Set at the International Secret Intelligence Service (ISIS), a spy agency where espionage and global crises are merely opportunities for its highly trained employees to confuse, undermine, betray and royally screw each other, the series stars H. Jon Benjamin as Sterling Archer, a 007 wannabe who craves the perks of the job without doing any of the work. Joining Archer at the ISIS office is his domineering mother and boss, Malory (Jessica Walter); ex-girlfriend and fellow field agent Lana Kane (Aisha Tyler); head accountant Cyril Figgis (Chris Parnell); lovesick secretary Cheryl (Judy Greer); and human resources director Pam (Amber Nash).

It’s a great cast for an animated series, but despite all the recognizable names, it’s relative unknown H. Jon Benjamin who steals the show. Anyone who’s ever watched cult classics like “Dr. Katz” and “Home Movies” are probably already familiar with Benjamin’s trademark voice, but he’s an absolute riot in “Archer” and the main reason the show works as well as it does. In fact, while I had already seen the pilot episode months before during its top secret preview on FX, it didn’t stop me from watching it again. It’s easily the strongest of the first five episodes, although “Training Day,” where Archer trains Cyril to become a field agent, and “Diversity Hire,” where Malory hires a black-Jewish agent to fill a minority quota, are good as well. There’s also an “Arrested Development” mini-reunion when Jeffrey Tambor guest stars as an U.N. intelligence officer in “Killing Utne.”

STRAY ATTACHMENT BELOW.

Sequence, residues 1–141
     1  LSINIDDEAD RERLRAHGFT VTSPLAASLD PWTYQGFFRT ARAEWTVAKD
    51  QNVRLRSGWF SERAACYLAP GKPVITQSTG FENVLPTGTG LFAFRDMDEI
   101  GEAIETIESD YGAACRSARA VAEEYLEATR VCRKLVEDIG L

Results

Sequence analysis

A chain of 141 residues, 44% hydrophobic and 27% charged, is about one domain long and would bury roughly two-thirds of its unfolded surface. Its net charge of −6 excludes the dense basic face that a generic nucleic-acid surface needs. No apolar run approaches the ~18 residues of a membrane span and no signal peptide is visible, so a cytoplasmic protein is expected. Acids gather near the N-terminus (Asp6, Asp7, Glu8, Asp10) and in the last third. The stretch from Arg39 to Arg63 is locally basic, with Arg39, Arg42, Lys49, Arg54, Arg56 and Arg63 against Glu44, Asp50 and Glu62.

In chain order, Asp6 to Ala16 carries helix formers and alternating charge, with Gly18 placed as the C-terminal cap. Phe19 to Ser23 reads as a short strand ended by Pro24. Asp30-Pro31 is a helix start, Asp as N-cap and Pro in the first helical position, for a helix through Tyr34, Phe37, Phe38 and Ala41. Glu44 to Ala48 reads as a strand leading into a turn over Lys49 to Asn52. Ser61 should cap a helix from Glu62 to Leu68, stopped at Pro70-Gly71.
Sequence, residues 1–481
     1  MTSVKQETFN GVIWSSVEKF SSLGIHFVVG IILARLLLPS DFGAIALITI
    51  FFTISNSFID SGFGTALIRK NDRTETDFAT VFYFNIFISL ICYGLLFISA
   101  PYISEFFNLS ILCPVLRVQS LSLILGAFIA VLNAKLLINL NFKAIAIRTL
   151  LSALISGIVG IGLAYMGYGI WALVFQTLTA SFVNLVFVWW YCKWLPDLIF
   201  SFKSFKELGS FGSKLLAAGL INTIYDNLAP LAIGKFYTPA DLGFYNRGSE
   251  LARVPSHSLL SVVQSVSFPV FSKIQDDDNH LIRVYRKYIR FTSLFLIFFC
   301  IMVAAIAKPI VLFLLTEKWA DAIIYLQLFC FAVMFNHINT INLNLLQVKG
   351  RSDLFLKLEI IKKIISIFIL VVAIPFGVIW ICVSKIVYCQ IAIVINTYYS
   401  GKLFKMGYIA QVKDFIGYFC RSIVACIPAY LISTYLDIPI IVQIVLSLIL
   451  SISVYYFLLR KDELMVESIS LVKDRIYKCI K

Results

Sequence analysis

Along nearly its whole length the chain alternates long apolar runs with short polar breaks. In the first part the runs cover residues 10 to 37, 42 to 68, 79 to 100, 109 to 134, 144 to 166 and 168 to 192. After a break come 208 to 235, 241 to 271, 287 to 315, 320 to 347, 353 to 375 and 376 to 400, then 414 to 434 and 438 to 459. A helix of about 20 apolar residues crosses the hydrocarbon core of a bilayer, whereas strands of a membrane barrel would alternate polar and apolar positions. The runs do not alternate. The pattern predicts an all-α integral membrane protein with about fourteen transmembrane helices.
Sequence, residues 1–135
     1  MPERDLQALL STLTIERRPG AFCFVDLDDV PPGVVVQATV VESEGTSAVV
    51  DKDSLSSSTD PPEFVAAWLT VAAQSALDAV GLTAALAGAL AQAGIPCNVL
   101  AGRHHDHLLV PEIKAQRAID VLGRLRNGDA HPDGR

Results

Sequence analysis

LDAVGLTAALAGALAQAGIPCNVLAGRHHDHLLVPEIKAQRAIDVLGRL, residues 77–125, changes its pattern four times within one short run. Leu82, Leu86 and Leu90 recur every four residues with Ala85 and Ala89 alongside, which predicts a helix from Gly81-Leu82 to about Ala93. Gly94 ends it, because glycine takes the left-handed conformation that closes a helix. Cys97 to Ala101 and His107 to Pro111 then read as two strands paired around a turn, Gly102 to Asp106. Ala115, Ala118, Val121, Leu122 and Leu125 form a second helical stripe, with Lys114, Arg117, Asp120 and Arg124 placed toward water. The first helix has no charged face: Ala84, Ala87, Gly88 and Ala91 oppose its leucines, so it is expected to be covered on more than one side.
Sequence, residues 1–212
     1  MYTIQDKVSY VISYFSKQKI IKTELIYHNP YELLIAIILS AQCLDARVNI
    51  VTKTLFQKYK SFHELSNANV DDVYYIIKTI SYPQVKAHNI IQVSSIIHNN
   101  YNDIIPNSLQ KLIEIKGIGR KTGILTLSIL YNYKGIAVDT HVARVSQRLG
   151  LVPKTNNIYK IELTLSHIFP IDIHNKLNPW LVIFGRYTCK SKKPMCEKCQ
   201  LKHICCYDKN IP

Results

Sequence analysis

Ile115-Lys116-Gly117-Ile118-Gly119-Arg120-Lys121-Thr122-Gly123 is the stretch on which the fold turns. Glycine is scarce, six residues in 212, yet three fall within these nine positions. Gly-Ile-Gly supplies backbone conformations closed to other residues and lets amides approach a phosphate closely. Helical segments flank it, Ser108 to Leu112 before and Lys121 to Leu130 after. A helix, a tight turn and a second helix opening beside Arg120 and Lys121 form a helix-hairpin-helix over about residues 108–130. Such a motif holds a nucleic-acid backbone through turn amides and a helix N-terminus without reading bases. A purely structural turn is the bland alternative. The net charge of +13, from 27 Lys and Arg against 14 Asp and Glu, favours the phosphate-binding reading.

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Aqua Teen Hunger Force 6

I don’t know what it is about “Aqua Teen Hunger Force” that causes me to be forever surprised at how funny it is, but I think perhaps it’s because the concept is so downright surreal. Nonetheless, “Aqua Teen Hunger Force 6” (which actually contains the whole of Season 5 of the series) contains just as many laughs as the previous collections. The first few episodes, however, feature little or no appearances from Frylock, Master Shake, and Meatwad, due to their being cocooned in the desert by their vampire-esque landlord Marcula; ever the caring neighbor, Carl immediately tries to rent out their place to a bunch of robots, but his greatest spotlight comes in the third episode, “Sirens,” when he meets another set of new neighbors, voiced by Kelly Hogan, Neko Case, and John Kruk. (Kruk plays himself; the other two do not.) Other guest voices during the season include David Cross, T-Pain, Josh Homme (Queens of the Stone Age), Scott Adsit (“30 Rock”), Jon Benjamin (a.k.a. Coach McGuirk on “Home Movies”), and Kristen Schaal (“Flight of the Conchords”).